"Oral liquid nutrition supplements can be a distraction from more healthful foods," said Dr. Paul Mulhausen, chief medical officer for Telligen, a health management company based in Iowa.
Part of the issue is the ingredients used to make the high-calorie, meal replacement drinks. For example, a bottle of Ensure Plus vanilla has 13 grams of protein, no fibre and 20 grams of sugar. A bottle of Boost has similar nutritional information.
By comparison, to get that much sugar in a bowl of breakfast cereal, you’d have to eat one and a half cups of dry Lucky Charms. According to their ingredient labels, these drinks are a blend of water, vegetable oil, sugar, protein and flavouring with added vitamins.
Mulhausen said medical nutrition therapy drinks were designed to treat people suffering from malnutrition and were unable to use food to meet their dietary needs. But that’s not entirely how they’re being used.
"They’re also being promoted as a wellness intervention, they’re used heavily in geriatric care, especially for impaired, disabled, elderly people who are experiencing weight loss," he explained.
"So you see them a lot in geriatric care centres, in nursing care centres, you also see them being marketed to stay well in old age."
At a conference in Orlando in May, Mulhausen and the American Geriatrics Society unveiled its latest Choosing Wisely recommendations.
They're put together from suggestions made by geriatricians in the United States who were asked to identify common medical interventions that need deeper discussion. Mulhausen said the use of oral liquid nutrition therapy was one of the top 10 issues.
Part of the challenge comes down to patient compliance. When you compare real food with packaged drinks, Mulhausen said real food is more enjoyable and more likely to be consumed.
"The challenge for medical nutrition therapy such as these, is that to get the calories one needs in the volume of liquid, you have to make them very, very, very sweet. They are so sweet many people find them unpalatable," he said.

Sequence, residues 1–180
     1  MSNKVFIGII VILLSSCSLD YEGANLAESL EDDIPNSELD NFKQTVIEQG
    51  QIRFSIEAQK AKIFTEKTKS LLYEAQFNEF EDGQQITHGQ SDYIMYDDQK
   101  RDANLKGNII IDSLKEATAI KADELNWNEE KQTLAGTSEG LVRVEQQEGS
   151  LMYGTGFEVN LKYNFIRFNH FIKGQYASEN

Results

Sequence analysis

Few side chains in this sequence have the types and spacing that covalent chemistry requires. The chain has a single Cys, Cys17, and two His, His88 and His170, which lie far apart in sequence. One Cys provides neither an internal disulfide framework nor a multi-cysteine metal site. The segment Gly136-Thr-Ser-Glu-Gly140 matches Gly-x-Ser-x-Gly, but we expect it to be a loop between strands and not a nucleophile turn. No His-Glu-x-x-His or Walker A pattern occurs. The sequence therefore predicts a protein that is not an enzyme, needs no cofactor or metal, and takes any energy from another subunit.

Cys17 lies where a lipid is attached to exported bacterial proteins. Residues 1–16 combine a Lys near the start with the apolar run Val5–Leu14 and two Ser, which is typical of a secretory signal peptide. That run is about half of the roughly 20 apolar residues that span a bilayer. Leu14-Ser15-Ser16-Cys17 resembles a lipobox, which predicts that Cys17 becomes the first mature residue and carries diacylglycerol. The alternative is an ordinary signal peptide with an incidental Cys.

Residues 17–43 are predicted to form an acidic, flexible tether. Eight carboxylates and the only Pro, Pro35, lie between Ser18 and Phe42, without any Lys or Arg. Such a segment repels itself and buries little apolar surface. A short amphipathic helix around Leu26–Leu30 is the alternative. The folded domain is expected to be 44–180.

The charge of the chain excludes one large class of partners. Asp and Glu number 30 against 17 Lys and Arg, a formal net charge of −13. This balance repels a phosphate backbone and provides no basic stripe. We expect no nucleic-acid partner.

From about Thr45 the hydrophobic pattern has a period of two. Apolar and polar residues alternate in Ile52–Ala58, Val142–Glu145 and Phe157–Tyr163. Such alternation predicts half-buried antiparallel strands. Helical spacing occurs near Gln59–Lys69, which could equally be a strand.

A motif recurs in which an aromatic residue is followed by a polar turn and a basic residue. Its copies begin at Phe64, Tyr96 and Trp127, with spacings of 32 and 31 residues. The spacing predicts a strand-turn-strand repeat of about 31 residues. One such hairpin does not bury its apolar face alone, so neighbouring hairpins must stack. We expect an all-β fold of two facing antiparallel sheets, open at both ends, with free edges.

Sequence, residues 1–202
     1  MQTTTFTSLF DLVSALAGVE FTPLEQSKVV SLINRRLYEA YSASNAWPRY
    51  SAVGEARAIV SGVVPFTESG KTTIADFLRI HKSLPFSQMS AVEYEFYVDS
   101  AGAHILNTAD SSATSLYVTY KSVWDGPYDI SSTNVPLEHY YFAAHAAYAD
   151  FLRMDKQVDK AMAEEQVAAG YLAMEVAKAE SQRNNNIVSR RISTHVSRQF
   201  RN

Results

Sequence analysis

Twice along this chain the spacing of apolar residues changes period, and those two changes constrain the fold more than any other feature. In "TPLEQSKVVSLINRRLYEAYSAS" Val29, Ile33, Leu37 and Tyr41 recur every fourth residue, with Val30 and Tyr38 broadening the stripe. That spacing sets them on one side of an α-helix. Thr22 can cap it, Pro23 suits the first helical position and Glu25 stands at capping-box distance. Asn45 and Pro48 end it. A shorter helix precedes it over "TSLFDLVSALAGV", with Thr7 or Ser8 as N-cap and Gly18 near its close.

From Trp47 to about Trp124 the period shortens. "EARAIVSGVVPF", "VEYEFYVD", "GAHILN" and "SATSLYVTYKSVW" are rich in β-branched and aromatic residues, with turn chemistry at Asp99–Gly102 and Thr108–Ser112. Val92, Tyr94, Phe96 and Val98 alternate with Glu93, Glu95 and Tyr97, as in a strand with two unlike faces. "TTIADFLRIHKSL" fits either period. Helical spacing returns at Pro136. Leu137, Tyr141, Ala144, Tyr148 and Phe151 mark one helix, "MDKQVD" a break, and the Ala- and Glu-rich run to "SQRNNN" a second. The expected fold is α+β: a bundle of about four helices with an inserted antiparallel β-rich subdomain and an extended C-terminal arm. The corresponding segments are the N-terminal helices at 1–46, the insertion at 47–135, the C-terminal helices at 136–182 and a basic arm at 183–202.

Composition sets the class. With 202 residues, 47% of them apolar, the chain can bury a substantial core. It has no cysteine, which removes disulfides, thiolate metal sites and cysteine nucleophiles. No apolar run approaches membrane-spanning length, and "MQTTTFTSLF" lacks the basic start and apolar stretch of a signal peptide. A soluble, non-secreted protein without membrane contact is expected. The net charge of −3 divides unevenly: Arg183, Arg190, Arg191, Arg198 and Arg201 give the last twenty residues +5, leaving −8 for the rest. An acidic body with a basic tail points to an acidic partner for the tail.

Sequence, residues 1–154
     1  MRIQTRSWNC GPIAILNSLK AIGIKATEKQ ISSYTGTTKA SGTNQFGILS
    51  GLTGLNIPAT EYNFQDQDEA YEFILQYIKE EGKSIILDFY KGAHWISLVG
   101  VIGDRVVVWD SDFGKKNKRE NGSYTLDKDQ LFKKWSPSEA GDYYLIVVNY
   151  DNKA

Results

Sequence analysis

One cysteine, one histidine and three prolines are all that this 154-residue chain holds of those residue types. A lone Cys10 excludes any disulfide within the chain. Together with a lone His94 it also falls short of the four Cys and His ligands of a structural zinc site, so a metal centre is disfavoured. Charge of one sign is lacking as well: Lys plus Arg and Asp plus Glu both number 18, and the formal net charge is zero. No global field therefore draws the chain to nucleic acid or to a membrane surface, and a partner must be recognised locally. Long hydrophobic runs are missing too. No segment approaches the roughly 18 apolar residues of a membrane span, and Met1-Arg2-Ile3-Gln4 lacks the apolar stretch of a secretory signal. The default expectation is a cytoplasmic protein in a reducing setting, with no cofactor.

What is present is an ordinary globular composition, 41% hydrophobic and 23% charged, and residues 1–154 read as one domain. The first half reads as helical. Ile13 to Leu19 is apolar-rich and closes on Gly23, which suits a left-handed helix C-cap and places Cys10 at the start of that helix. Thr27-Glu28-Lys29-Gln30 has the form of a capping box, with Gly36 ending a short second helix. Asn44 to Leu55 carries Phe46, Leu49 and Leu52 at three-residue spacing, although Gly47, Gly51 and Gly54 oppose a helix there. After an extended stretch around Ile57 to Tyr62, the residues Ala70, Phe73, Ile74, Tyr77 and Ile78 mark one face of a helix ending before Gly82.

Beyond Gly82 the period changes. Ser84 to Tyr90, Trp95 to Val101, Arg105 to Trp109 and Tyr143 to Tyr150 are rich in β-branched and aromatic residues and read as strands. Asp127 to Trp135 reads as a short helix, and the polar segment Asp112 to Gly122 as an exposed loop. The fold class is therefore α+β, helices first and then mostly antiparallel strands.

Another issue with recommending nutritional drinks when weight loss begins is that it doesn’t take into account why that weight loss might be occurring. Mulhausen said there can be a number of potential problems, like depression, memory loss or mobility issues.
"And what I’ve seen happen is they, or people who care about them, would say ‘Oh, you’re losing weight, I’m going to buy some oral liquid nutrition supplement and that’ll take care of the problem,’" he said.
"They get purchased and used out of convenience, but in fact, may distract us from appropriate diagnoses … strengthening of the social support network or better tasting and more nutritious food."
Mulhausen said oral liquid nutrition supplements do have a place in patient care. But they should be recommended under specific conditions.
"They are effective in a very narrow circumstance which would be as medical nutrition therapy in undernourished people who are in the hospital. In that particular circumstance, they can reduce the rate of complications and may actually have a benefit in terms of surviving the illness that brings them to the hospital," he said.
Outside that, he said there’s very little evidence that they keep people well or improve longevity or quality of life as we age.
For Mulhausen, the recommendation should be to use real food — like a simple smoothie of yogurt and fruit that will offer similar nutrients, including fibre, but taste better and rely less on simple sugars.